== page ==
The International Sailing Federation
has posted guidelines for dealing with the piracy threat. It is available on their web site, or can be downloaded here
I've extracted few paragraphs about the reality of sailing to, and through, the Gulf of Aden into the Red Sea, but there is much more information included that is important to read.
Q: Can yachts passing through the GoA expect a naval escort,
perhaps by forming a large convoy?
A: No. There are insufficient warships to provide this protection and their primary duties are
to guard World Food Programme and vulnerable merchant ships.
Q: Can I expect help from naval forces if attacked?
A: Realistically, probably not. It would take a skiff at 25 knots about 3 minutes from being
spotted to being alongside a yacht. Once pirates have boarded, the rules of engagement of
the naval forces prevent further action due to the risk of cross fire killing the yacht crew. The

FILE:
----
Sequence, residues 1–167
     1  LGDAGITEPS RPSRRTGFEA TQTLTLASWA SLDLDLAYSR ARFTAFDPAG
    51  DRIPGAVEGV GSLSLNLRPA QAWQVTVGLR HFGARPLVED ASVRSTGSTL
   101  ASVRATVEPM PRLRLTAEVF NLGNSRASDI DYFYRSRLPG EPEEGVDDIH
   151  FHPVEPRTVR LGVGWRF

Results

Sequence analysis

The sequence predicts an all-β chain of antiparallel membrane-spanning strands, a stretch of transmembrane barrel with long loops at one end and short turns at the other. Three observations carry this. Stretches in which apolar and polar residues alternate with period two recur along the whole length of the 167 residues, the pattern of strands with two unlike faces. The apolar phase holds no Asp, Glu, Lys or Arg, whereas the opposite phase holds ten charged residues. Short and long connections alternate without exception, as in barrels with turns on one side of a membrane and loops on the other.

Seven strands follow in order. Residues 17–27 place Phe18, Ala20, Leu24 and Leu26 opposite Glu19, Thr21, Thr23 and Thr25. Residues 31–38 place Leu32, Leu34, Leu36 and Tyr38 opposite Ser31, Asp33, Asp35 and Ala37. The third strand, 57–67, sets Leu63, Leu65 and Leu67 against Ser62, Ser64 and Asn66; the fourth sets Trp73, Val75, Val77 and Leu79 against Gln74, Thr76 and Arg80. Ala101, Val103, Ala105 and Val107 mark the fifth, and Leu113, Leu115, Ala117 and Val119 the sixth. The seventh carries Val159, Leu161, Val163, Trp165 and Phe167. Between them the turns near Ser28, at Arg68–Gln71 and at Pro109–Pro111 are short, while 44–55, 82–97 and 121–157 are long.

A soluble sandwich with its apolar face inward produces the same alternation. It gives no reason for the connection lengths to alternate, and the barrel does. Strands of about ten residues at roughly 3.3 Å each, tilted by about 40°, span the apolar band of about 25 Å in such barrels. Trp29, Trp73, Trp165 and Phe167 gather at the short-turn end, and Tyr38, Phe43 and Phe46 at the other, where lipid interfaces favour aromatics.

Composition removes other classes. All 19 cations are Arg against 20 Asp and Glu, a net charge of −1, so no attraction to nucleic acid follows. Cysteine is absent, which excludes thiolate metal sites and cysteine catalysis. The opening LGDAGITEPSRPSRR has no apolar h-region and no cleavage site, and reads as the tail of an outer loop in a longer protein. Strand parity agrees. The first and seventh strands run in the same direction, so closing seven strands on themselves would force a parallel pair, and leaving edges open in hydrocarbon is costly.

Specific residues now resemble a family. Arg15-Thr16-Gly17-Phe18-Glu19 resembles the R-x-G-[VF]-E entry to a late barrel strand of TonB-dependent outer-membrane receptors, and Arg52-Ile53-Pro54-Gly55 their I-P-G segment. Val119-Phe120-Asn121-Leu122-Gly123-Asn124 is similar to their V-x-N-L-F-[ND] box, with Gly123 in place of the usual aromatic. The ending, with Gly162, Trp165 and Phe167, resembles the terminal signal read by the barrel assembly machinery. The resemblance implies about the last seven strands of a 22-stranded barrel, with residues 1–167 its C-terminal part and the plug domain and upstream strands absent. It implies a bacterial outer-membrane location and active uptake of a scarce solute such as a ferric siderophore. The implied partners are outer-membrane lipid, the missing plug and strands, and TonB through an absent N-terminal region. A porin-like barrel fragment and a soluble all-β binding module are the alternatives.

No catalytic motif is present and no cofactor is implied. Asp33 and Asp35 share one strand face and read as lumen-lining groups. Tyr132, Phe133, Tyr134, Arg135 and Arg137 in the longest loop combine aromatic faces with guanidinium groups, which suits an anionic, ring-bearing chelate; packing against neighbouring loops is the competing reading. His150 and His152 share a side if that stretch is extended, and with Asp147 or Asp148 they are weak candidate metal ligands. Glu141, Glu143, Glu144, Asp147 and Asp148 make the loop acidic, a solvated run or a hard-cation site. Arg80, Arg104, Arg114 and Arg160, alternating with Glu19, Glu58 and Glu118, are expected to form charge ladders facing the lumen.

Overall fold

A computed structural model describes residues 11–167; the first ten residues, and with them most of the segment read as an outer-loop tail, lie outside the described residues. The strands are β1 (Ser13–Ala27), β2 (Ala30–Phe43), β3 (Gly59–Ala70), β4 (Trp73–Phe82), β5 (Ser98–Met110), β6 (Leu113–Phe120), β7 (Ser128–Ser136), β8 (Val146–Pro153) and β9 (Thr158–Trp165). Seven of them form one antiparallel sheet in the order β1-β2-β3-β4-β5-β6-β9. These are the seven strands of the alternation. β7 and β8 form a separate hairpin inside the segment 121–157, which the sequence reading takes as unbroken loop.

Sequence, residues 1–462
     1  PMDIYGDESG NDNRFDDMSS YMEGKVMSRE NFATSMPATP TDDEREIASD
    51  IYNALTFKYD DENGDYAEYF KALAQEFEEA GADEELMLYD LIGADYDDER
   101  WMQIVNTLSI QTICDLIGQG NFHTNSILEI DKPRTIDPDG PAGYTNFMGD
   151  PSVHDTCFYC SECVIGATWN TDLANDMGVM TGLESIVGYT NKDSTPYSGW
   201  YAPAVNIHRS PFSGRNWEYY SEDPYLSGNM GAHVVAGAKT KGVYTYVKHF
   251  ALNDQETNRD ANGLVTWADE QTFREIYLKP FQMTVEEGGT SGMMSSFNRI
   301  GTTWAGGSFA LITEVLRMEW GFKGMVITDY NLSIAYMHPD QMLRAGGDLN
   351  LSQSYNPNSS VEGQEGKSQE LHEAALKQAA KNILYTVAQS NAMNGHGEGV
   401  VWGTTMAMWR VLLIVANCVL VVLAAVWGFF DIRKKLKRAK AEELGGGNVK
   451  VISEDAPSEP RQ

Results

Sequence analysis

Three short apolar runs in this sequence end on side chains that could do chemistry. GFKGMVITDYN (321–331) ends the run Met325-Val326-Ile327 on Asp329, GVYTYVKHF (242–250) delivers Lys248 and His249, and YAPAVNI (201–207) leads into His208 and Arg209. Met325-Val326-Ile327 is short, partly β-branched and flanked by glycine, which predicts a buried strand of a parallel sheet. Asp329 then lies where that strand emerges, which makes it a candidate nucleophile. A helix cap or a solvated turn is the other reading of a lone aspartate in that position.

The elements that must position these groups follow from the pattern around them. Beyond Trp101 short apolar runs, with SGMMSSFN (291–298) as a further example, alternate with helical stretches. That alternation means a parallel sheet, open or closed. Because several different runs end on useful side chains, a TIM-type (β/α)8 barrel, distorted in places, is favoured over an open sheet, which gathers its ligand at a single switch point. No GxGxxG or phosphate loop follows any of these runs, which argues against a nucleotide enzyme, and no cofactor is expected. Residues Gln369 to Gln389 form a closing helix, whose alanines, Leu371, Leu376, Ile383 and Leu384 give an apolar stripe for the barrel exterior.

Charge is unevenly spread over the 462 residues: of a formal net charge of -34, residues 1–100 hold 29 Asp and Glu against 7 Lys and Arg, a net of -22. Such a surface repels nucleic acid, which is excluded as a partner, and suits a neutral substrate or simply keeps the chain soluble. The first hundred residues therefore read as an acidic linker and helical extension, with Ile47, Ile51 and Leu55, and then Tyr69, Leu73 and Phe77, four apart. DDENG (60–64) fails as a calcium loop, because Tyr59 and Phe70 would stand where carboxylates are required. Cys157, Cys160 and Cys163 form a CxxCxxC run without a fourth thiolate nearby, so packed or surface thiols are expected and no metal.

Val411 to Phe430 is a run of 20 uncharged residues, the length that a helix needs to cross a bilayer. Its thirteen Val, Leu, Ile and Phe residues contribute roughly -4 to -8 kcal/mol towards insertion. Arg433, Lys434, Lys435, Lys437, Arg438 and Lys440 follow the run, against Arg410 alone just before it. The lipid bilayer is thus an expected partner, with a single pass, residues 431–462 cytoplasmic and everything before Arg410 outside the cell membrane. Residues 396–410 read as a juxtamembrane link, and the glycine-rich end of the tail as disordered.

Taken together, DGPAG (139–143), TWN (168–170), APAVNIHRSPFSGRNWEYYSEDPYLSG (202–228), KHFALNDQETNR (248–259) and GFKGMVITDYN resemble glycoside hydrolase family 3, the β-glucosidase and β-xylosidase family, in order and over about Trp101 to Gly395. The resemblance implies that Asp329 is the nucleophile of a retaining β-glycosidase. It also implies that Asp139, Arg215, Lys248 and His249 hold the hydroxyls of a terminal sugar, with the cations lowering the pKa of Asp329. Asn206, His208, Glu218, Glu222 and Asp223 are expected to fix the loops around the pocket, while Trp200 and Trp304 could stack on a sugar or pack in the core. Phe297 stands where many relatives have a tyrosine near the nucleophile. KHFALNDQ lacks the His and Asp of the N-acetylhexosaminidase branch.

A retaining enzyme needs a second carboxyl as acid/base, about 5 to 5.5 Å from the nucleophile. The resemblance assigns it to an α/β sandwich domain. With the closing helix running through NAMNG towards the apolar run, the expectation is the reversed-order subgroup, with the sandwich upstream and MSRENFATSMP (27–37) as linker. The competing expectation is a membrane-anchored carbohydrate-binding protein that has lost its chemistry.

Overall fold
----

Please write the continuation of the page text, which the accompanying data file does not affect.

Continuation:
skipper of the yacht Tanit was killed by cross fire in a 2008 rescue attempt.
Q: So what is the advice to yachts considering sailing through
A: The clear advice from MSCHOA is ‘Do not go’. Only do so if you have fully considered the
risks. If you decide to go ahead you are strongly encouraged to register in advance and to
report during the passage (see below).
For the transit of the Somali Basin you may wish to plot a course which keeps you clear of
the main areas of past activity. See chart above. However, the pirates follow their prey and
as merchant ships sail ever further east, so do the pirates.
Note the reality that at the speed that a pirate skiff can travel, there is about 3 minutes between its being spotted and its being alongside your boat. Unless your lifelines have been electrified, they would be aboard before anybody would even be able to change course to get to you.
Though the odds of being found and attacked by Somali pirates are quite small, the odds of escaping and attack are even smaller. In our approach to life we don't count on luck to save us.